Download: Foobar2000 (Free)
Jriver is software that tries to do a lot of things for a lot of people. Fortunately, it seems to do a good job at mostly everything it aims to do. This supports bit perfect audio in both lossless PCM and DSD formats. When it comes to the audio subsystem, it can use either ASIO or WASAPI, meaning it will transmit audio perfectly to your DAC.
There are several features here that seem obvious but are lacking in other players. One example is the optional audiophile-grade crossfeed. The developers say this makes listening on headphones sound more natural and less fatiguing, since it’s more like what you’d hear from speakers in a room.
Download: Jriver ($59.98 for Windows-only license, $79.98 for Master license)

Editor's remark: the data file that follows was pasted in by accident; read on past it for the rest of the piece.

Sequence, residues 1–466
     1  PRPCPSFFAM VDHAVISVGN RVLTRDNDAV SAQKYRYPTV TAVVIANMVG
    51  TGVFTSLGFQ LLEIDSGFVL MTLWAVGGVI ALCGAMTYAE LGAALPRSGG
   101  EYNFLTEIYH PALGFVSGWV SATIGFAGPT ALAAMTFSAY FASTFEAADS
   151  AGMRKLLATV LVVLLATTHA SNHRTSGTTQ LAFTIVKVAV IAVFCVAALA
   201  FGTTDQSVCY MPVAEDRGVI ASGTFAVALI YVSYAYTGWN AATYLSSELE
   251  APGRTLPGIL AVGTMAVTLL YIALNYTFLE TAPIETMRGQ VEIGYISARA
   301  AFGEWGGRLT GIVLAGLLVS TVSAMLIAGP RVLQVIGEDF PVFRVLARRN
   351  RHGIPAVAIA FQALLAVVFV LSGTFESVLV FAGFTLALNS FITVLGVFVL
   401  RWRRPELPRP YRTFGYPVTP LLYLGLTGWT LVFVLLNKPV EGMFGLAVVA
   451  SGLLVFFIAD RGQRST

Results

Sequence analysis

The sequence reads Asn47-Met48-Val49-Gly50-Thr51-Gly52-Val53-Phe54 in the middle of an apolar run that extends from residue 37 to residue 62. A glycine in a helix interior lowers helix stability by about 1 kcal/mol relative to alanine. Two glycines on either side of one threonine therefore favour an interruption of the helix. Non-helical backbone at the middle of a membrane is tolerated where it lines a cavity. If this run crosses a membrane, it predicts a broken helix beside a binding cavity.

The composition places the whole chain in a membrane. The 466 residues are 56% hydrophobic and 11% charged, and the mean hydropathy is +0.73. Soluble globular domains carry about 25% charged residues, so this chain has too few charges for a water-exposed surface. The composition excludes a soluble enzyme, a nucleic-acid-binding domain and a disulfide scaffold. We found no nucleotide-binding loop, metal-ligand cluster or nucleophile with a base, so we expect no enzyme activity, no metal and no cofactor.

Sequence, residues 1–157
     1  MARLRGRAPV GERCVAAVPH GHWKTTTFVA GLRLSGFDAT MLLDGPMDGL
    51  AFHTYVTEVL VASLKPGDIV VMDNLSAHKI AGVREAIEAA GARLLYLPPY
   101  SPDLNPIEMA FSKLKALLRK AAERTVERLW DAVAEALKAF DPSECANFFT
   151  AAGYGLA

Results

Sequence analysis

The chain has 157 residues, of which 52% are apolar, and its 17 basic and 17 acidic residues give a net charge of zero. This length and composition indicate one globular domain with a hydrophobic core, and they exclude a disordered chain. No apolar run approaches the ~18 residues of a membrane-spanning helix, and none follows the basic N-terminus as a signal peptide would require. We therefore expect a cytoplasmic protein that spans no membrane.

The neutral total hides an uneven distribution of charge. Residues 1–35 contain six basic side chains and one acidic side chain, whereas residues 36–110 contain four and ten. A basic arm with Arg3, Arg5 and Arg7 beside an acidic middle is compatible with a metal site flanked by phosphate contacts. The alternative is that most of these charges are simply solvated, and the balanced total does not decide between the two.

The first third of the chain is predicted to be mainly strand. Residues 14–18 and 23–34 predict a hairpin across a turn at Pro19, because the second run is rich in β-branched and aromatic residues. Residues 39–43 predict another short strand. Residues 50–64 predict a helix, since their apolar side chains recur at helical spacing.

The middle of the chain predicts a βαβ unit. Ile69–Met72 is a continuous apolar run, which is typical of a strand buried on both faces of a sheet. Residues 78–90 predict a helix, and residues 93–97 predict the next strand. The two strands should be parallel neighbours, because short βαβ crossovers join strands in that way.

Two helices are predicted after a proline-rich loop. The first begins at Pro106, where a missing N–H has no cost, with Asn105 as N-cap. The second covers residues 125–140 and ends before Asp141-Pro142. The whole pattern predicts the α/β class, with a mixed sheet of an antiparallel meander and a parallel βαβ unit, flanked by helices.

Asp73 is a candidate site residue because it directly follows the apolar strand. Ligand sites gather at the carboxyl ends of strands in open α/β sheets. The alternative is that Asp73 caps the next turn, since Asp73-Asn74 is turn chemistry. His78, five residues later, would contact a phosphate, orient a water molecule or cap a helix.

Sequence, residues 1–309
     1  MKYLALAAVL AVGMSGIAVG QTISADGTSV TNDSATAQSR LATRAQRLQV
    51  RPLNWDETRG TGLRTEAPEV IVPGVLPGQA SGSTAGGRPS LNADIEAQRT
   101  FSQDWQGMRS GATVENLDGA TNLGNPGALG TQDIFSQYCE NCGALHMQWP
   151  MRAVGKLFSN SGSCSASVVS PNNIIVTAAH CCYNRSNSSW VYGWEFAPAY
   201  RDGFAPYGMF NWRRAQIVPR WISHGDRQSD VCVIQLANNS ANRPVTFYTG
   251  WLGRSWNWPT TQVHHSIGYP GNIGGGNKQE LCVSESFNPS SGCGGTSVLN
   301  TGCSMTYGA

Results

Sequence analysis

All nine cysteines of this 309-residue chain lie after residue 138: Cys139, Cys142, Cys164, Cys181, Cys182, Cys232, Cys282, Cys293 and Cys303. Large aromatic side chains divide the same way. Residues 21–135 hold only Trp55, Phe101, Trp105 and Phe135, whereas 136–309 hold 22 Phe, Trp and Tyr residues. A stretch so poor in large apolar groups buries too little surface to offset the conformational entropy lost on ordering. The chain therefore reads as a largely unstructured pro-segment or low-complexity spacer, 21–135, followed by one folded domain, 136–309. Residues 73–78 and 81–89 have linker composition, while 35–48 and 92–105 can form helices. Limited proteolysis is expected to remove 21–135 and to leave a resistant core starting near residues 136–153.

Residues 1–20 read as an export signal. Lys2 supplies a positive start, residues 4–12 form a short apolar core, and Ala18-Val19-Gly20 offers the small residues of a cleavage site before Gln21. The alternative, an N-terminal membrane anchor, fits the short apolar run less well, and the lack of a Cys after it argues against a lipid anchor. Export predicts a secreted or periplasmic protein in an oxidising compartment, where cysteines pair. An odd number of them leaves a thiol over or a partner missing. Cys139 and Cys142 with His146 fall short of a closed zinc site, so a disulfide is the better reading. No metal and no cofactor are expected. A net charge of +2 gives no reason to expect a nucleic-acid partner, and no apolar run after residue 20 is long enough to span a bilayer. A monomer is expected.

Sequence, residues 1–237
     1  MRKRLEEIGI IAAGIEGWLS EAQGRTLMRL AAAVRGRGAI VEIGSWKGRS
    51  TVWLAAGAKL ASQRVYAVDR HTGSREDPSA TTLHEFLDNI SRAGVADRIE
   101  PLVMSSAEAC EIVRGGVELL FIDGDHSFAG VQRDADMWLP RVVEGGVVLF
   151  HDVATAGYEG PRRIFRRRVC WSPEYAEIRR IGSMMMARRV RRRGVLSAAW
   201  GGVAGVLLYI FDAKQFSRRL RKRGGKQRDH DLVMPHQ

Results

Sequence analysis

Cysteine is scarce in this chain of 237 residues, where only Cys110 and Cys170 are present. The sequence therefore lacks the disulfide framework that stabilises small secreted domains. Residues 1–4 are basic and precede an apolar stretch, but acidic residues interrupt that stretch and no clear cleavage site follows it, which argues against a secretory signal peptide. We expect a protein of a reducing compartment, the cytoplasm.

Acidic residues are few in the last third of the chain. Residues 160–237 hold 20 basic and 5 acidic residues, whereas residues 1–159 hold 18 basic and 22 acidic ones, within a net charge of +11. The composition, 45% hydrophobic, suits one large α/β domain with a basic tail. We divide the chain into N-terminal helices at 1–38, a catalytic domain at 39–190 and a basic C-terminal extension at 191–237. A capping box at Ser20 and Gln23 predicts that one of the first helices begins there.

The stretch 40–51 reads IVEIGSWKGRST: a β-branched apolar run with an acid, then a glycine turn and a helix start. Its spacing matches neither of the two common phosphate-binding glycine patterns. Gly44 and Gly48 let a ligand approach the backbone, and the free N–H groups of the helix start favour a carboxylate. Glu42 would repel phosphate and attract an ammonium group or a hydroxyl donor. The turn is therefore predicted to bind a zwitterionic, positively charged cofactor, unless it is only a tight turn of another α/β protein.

While most examples of hi-res music player software focus on sound quality alone, Roon focuses on something else. The developers say that something has been lost in the transition to digital music. To bring back the feeling of engagement you’d get from poring over liner notes, Roon aims to present a searchable “magazine” of your music.
Roon doesn’t just apply this technique to music stored on your computer. It can do this to music played from a local NAS or even streamed from Tidal as well. If music isn’t a background activity to you but something you want to engage in, Roon may be worth trying.
Download: Roon ($199/year or $499/lifetime, with a free trial available)
7. JPLAY FEMTO